View Poll Results: Who sang it better?

Voters
23. You may not vote on this poll
  • Spani

    6 26.09%
  • Callas

    17 73.91%
Page 4 of 4 FirstFirst 1234
Results 46 to 52 of 52

Thread: SOPRANO TOURNAMENT (By Request): Spani vs Callas

  1. #46
    Senior Member Tsaraslondon's Avatar
    Join Date
    Nov 2013
    Posts
    8,321
    Post Thanks / Like
    Blog Entries
    2

    Default

    Quote Originally Posted by Seattleoperafan View Post
    I am exited with the heated debate this pairing fostered. Spani even had a number in her camp. For me she is one of the greatest singers of the golden age these contests made me aware of. The fact that ANYONE can get 5 people liking her over the great Callas is validation of my estimation of her sound. I listen to others from this era so the poor sound doesn't keep me from hearing what a great artist she must have been. If I were her manager I would have changed her name like Sills did, though;-)
    Has anyone ever doubted Spani's place in the pantheon of great singers? I seem to remember some years ago a reissue of her old 78 recordings (I can't remember now whether this was on LP or CD) being rapturously received in Gramophone magazine. It certianly sparked my interest.
    Last edited by Tsaraslondon; Sep-23-2021 at 17:02.
    "It's not enough to have a beautiful voice." Maria Callas

  2. Likes Seattleoperafan liked this post
  3. #47
    Senior Member Woodduck's Avatar
    Join Date
    Mar 2014
    Location
    Ashland, OR
    Posts
    18,469
    Post Thanks / Like

    Default

    I find myself pleasantly embracing both sides of the "fidelity to the score" argument. I agree that the trills in this particular aria are important enough that if all else is roughly equal between two singers the ability to execute them gives that singer the edge. Callas had a rather strict philosophy about adhering to a composer's instructions as indicated in the score, and as Tsaraslondon points out she had both the technique and the musical intelligence to be extremely precise about this while giving the impression of spontaneity. We shouldn't forget, though, the long tradition of improvisation in opera (and in other music as well) which applied particularly to embellishments but sometimes extended to more substantial alterations of the melodic line. That tradition largely died out by the mid-20th century; it was revived in the performance of Baroque music as part of the HIP phenomenon, but has never really caught on in music of the Romantic era despite the fact that we have many examples of performance practice by singers trained in the 19th century that show the sometimes surprising - and, to our ears, not always pleasing - freedom with which singers of that era approached the written notes. To an appreciable extent, performers in earlier eras seem to have been regarded as co-creators along with the composers; score markings were taken more as strong suggestions for expressive effect than as absolute constraints on the expressive impulses of singers, who were expected to respond to the written music in a personal way and put a unique stamp on their performances. Absolute fidelity to the text, with nothing added, subtracted or altered, isn't something which 19th-century composers expected or insisted upon so long as a performer's improvisations seemed plausible in style and expression, and the appropriateness of their choices would have been governed mainly by the style of the music.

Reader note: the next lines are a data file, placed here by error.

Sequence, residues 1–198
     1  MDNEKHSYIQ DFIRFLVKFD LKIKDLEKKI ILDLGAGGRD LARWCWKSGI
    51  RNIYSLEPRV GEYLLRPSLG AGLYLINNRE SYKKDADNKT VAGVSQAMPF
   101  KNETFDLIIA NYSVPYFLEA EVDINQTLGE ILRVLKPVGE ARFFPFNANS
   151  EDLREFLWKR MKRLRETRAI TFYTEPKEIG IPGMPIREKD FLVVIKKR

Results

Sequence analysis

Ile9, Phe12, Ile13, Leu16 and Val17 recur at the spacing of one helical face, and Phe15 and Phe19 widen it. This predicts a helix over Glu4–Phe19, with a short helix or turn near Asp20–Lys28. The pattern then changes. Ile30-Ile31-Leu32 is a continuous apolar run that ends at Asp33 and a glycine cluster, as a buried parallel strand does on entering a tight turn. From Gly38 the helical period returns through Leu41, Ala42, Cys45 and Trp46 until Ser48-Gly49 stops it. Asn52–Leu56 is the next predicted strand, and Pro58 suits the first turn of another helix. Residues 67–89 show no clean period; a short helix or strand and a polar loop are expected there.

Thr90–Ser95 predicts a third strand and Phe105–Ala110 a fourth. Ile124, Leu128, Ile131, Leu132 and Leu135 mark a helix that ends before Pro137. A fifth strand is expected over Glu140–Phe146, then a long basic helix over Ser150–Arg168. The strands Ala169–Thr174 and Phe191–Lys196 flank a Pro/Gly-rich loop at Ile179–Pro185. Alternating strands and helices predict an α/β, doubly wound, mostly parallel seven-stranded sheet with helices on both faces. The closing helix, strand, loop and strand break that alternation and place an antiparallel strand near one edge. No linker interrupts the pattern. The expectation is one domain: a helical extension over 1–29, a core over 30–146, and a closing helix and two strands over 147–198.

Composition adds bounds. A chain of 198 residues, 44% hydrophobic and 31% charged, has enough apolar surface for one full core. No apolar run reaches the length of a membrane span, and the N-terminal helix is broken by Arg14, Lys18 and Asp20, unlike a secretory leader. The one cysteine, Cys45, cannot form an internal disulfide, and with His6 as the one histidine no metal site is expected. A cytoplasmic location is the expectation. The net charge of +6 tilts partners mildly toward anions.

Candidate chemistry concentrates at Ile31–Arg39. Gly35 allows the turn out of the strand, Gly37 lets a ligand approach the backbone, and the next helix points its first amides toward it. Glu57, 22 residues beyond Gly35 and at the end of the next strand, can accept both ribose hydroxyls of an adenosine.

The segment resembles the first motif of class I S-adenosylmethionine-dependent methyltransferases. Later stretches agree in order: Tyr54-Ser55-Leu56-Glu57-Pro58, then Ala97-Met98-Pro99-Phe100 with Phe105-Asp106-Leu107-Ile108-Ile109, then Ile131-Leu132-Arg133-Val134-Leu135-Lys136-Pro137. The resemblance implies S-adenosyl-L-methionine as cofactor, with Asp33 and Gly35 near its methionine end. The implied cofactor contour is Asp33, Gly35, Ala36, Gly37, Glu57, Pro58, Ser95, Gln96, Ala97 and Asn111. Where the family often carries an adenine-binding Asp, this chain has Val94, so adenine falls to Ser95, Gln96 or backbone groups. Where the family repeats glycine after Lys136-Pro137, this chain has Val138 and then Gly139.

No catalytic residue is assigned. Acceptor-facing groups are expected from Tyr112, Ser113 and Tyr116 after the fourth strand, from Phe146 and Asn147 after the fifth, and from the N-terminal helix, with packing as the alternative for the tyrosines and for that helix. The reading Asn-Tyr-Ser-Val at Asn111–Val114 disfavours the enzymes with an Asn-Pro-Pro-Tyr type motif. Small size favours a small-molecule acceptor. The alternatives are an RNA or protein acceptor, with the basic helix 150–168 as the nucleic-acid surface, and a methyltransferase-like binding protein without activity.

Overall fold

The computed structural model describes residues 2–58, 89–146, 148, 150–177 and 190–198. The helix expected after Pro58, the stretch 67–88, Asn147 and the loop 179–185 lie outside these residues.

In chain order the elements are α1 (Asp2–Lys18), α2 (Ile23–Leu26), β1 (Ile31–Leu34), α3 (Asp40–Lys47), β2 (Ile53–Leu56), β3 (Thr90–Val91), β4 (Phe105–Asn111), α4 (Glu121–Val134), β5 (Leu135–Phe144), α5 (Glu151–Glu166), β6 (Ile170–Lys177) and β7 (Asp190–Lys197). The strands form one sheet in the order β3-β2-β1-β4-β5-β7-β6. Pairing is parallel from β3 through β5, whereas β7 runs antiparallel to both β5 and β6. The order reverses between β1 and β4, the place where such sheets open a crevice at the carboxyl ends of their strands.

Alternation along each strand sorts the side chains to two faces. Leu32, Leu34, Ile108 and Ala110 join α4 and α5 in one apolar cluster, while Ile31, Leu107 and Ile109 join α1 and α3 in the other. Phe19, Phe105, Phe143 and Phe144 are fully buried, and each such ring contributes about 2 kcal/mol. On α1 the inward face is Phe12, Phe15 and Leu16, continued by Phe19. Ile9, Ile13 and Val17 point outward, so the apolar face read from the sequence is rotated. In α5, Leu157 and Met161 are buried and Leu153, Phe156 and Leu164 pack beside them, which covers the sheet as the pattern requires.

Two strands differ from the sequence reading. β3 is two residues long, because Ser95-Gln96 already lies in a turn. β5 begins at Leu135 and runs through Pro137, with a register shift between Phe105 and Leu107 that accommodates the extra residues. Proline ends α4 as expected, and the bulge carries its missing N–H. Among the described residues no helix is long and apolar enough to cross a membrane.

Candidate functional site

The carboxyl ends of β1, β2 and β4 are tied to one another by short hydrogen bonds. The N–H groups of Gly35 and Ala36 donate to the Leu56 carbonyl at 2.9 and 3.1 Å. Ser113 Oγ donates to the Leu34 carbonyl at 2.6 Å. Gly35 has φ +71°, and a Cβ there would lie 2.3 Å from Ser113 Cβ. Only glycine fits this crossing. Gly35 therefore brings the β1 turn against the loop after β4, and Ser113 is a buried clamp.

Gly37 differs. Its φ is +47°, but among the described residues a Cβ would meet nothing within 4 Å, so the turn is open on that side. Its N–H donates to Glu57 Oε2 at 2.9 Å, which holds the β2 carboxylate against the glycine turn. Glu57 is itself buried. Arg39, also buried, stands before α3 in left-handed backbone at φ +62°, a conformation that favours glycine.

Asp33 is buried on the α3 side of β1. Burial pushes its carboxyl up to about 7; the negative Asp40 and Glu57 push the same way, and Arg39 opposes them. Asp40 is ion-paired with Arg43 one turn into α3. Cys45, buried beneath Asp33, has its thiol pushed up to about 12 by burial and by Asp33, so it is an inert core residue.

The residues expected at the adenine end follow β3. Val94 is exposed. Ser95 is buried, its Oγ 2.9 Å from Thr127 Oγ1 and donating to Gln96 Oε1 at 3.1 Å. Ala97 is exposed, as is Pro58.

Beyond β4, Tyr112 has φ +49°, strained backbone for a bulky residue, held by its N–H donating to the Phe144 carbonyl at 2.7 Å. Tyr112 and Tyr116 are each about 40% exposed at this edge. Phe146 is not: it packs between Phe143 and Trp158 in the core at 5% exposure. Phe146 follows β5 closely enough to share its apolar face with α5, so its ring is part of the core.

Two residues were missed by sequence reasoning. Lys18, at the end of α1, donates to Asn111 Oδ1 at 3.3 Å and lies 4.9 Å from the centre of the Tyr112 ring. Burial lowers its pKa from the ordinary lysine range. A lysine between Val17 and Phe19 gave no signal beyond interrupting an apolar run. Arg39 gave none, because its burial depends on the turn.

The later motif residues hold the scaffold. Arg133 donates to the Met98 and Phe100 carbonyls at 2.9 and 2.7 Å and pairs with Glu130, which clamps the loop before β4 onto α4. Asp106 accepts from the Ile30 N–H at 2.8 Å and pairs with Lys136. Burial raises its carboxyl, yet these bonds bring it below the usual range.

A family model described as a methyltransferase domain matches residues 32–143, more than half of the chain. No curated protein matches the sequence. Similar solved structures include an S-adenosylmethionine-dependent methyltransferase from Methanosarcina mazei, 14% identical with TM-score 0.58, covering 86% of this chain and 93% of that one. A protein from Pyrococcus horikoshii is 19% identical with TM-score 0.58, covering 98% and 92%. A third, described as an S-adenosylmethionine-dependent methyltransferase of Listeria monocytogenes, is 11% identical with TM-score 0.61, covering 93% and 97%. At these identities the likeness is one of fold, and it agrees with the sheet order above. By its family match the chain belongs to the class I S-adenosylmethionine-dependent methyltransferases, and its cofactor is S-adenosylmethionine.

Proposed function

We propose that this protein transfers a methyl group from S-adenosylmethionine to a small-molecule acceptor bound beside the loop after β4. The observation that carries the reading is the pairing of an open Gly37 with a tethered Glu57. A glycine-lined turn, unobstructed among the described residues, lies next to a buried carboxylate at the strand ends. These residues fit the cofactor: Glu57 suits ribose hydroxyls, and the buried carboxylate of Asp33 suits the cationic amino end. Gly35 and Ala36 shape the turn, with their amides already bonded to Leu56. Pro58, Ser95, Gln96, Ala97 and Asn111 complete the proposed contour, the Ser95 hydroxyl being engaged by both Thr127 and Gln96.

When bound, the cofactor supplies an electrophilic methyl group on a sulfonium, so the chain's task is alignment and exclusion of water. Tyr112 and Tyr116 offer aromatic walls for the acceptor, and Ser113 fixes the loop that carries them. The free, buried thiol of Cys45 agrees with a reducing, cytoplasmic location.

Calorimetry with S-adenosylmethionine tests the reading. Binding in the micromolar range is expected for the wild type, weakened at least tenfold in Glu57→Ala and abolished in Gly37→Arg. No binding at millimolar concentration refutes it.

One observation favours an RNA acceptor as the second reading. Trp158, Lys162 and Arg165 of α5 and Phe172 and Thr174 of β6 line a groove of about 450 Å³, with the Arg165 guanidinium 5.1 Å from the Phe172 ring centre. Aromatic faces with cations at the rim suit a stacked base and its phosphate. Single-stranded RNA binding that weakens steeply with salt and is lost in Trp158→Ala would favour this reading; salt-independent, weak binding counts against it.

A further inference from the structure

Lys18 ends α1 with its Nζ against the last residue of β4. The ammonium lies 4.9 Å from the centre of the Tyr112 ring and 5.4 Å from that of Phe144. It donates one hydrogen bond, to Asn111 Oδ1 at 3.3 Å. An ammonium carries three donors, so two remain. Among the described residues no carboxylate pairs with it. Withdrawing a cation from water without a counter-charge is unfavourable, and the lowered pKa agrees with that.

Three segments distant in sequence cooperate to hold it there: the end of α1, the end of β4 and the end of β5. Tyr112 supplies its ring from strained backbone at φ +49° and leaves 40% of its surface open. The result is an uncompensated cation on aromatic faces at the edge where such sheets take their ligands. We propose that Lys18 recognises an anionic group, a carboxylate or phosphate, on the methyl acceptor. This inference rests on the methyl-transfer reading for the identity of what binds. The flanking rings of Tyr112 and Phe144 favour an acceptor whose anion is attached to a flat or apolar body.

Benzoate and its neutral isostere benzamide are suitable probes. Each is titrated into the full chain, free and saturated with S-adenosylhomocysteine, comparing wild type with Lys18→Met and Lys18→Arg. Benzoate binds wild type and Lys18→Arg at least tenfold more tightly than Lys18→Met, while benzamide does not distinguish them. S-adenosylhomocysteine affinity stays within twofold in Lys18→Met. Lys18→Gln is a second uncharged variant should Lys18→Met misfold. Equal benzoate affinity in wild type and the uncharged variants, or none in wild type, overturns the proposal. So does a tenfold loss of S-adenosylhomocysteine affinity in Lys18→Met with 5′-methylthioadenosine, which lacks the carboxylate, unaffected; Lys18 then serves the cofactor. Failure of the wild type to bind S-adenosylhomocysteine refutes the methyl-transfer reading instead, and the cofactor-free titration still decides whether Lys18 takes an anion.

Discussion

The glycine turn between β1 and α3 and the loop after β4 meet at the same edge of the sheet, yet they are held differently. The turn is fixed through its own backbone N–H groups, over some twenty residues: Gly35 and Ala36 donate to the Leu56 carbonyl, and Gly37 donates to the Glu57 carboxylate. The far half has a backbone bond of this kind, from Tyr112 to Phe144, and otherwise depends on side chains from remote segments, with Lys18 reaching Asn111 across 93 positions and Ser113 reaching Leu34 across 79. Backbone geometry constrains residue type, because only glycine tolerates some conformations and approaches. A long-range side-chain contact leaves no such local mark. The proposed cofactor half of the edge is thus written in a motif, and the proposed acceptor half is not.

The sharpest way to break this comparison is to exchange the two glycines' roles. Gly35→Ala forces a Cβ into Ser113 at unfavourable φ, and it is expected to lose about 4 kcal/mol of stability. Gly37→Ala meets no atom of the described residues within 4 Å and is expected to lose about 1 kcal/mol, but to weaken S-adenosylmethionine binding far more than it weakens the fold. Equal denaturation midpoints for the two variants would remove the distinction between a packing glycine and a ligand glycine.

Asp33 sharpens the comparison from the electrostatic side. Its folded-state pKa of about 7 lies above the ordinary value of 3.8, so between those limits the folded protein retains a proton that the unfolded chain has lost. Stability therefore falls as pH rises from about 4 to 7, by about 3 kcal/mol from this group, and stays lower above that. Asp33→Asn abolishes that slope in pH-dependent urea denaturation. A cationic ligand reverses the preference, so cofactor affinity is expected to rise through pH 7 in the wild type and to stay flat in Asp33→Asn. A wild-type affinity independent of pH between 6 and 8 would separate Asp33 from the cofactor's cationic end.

For me, Callas is a magnificent example of what a supremely musical singer can achieve operating on the premises of a modern aesthetic of performance practice. But there are delights to be had in the work of earlier singers working on different assumptions, bringing us things the composers never thought of but would probably have been happy to hear from human beings responding to their music in personal ways.